In September and August, respectively, 2002, the Voyager 1 and 2 spacecraft observed their 25th anniversaries in space, were continuing to perform long after their original mission to visit the Jupiter and Saturn systems. After Voyager 1’s encounter with the two gas giants, it was aimed upward out of the plane of the ecliptic. Voyager 2, after its visit at Jupiter and Saturn, was given two more planetary destinations, Uranus and Neptune. It completed its “grand tour” of the outer planets in 1989. It was then aimed downward out of the ecliptic plane. Now, at about 85 AU, Voyager 1 is the most distant human-made object. Round-trip light time is 24 hours. Voyager 2 is at about 68 AU. Their mission now is to study the heliosphere, the vast bubble of space within the Sun’s influence, and the heliopause, the boundary of the solar system with interstellar space. At the heliopause, the outward pressure exerted by the solar wind balances the inward pressure of the interstellar wind. The region where solar wind particles begin piling up against the heliopause is the termination shock, where the solar wind should drop from about 1,500,000 kilometers (nearly 1,000,000 miles) per hour to 400,000 kilometers (250,000 miles) per hour. Voyager 1 is already detecting a slowing of the solar wind from the pressure of inbound interstellar particles leaking through the heliopause. No one knows exactly how much farther Voyager 1 must travel to reach the termination shock or the heliopause.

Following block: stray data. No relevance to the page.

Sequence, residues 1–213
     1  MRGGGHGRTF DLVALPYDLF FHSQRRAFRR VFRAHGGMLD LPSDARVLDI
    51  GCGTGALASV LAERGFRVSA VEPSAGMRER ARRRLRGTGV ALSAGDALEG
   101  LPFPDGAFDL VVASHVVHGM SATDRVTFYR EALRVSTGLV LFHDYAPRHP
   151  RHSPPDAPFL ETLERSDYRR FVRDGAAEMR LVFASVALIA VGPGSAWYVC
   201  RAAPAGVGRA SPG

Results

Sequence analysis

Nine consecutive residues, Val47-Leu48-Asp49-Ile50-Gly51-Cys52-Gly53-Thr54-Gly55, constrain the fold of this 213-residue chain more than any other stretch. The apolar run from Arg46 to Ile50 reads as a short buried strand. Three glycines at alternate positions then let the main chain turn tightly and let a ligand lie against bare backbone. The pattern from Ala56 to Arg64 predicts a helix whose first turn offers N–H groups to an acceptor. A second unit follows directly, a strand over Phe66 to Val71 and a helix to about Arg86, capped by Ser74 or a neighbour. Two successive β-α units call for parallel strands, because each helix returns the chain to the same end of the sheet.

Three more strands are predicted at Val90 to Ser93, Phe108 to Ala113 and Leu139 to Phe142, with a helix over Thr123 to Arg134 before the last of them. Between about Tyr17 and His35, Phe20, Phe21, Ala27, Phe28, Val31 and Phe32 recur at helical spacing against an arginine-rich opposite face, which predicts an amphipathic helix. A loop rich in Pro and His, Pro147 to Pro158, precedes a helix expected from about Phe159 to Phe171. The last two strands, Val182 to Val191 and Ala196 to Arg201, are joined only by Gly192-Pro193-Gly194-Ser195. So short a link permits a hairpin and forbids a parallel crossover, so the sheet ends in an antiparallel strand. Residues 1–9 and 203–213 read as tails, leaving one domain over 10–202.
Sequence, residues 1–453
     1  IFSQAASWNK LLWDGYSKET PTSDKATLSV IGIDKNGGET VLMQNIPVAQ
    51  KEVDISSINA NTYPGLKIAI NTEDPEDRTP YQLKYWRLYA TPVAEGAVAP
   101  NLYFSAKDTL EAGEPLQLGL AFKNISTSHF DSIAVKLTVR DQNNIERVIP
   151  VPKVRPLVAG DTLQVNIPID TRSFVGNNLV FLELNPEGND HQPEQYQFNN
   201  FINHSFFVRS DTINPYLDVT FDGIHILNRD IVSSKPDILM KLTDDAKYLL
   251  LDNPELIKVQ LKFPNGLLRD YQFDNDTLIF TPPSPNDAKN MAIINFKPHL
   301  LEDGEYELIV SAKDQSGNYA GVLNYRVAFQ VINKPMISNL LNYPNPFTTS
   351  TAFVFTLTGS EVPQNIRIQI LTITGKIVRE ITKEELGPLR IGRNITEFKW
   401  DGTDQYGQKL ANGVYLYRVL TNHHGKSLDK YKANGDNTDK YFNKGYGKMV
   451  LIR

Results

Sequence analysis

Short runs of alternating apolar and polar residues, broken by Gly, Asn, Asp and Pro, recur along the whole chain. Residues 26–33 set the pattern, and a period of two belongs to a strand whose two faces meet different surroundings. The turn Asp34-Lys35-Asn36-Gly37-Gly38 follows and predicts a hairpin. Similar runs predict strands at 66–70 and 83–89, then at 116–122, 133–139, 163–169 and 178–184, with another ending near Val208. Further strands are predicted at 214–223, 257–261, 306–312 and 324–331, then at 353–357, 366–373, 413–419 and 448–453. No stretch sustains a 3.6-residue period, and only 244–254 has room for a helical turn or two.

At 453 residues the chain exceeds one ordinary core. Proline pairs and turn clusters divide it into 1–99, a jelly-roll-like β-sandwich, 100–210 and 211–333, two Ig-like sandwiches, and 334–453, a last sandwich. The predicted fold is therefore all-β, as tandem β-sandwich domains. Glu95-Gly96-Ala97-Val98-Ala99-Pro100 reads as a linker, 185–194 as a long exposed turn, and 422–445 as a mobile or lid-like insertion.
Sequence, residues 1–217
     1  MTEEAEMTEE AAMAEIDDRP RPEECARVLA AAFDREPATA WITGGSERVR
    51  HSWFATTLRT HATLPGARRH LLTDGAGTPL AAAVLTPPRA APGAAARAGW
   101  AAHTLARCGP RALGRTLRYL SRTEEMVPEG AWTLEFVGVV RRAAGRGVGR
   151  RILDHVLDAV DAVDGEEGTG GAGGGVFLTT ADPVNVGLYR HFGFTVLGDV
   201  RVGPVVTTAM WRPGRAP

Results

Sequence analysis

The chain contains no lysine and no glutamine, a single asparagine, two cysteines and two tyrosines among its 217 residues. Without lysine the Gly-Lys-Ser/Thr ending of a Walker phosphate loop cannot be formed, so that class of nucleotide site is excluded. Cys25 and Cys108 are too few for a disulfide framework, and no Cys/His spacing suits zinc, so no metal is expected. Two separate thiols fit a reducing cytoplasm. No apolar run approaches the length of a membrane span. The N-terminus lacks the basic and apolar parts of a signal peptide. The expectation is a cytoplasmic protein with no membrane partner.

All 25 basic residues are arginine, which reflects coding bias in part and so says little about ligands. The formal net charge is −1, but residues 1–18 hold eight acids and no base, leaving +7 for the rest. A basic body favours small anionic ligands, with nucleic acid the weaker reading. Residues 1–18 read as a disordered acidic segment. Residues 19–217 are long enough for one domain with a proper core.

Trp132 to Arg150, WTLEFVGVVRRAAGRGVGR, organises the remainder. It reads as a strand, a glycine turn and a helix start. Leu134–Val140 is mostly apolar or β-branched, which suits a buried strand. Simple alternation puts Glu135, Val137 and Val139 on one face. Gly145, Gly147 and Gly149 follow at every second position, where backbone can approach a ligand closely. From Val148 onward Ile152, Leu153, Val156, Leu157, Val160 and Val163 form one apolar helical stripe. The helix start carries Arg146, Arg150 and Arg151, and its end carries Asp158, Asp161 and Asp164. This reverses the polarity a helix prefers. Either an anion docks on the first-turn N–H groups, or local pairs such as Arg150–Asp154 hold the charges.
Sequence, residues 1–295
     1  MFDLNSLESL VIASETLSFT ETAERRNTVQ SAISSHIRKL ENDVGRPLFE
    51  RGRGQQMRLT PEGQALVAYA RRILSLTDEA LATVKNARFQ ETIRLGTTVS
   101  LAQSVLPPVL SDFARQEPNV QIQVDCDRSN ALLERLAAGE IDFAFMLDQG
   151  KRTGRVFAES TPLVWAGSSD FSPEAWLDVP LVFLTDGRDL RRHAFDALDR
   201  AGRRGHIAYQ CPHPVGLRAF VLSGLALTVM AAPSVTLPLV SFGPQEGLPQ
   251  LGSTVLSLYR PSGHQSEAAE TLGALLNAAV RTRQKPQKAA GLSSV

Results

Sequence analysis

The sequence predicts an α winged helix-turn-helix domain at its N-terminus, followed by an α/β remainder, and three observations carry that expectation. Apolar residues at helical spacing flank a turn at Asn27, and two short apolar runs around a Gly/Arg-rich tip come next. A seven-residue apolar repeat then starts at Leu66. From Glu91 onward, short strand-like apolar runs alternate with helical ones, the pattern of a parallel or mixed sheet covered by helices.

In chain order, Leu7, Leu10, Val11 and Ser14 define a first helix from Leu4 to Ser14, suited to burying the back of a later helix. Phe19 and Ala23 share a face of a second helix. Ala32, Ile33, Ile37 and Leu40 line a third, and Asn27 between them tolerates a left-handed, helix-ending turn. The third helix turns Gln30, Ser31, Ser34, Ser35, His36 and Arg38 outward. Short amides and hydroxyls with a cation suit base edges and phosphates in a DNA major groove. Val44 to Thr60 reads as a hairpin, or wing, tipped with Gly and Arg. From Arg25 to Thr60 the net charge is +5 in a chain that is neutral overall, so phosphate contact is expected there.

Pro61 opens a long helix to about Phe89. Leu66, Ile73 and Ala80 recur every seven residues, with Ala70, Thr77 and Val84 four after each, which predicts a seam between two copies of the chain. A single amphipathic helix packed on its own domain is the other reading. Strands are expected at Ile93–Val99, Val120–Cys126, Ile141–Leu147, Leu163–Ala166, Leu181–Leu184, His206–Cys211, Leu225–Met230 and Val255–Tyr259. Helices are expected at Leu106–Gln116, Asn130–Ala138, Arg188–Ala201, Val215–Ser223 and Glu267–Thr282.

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Table of Contents
- We Are Grateful to These Canadian Companies Who Have Contributed to Our Efforts
- Our color and the planets of the Solar System
- Age of the Solar System
- Radioactive Dating of the Universe
- Biology in Space
- Worlds Beyond Our Solar System
- Doppler Shift Due To Stellar Wobble
- Transit Method
Dr. Ed Stone, Voyager Project Scientist since mission inception, estimates that the spacecraft could reach the termination shock within three years. Once there, Dr. Stone predicts it will still have about 5 billion to 8 billion kilometers (3 billion to5 billion miles) and 10 to 15 years to go before actually crossing the heliopause into interstellar space. Because the heliosphere expands and contracts with the level of solar activity and the inward pressure of the interstellar wind is uncertain, it is very difficult for scientists to estimate the actual extent of the heliosphere.
NASA created the Space Place program to give the public the opportunity to explore the space program’s technological advancements and delve into its discoveries. A component of that outreach, the Space Place column is offered to select venues like astronomy associations. In a follow-up message, Nancy explained that she was looking for astronomy clubs that were not just active, but had active outreach programs.